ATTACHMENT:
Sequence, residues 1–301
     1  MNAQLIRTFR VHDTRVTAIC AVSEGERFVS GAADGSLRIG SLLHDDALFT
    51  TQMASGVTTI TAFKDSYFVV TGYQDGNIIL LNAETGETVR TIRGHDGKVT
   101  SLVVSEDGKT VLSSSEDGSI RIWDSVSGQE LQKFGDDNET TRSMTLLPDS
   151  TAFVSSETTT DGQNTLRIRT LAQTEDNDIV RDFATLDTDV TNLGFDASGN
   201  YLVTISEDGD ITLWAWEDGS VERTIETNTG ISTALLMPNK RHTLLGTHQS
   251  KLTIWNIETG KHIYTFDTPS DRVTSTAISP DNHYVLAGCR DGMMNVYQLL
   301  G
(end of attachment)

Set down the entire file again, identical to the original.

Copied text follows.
Sequence, residues 1–301
     1  MNAQLIRTFR VHDTRVTAIC AVSEGERFVS GAADGSLRIG SLLHDDALFT
    51  TQMASGVTTI TAFKDSYFVV TGYQDGNIIL LNAETGETVR TIRGHDGKVT
   101  SLVVSEDGKT VLSSSEDGSI RIWDSVSGQE LQKFGDDNET TRSMTLLPDS
   151  TAFVSSETTT DGQNTLRIRT LAQTEDNDIV RDFATLDTDV TNLGFDASGN
   201  YLVTISEDGD ITLWAWEDGS VERTIETNTG ISTALLMPNK RHTLLGTHQS
   251  KLTIWNIETG KHIYTFDTPS DRVTSTAISP DNHYVLAGCR DGMMNVYQLL
   301  G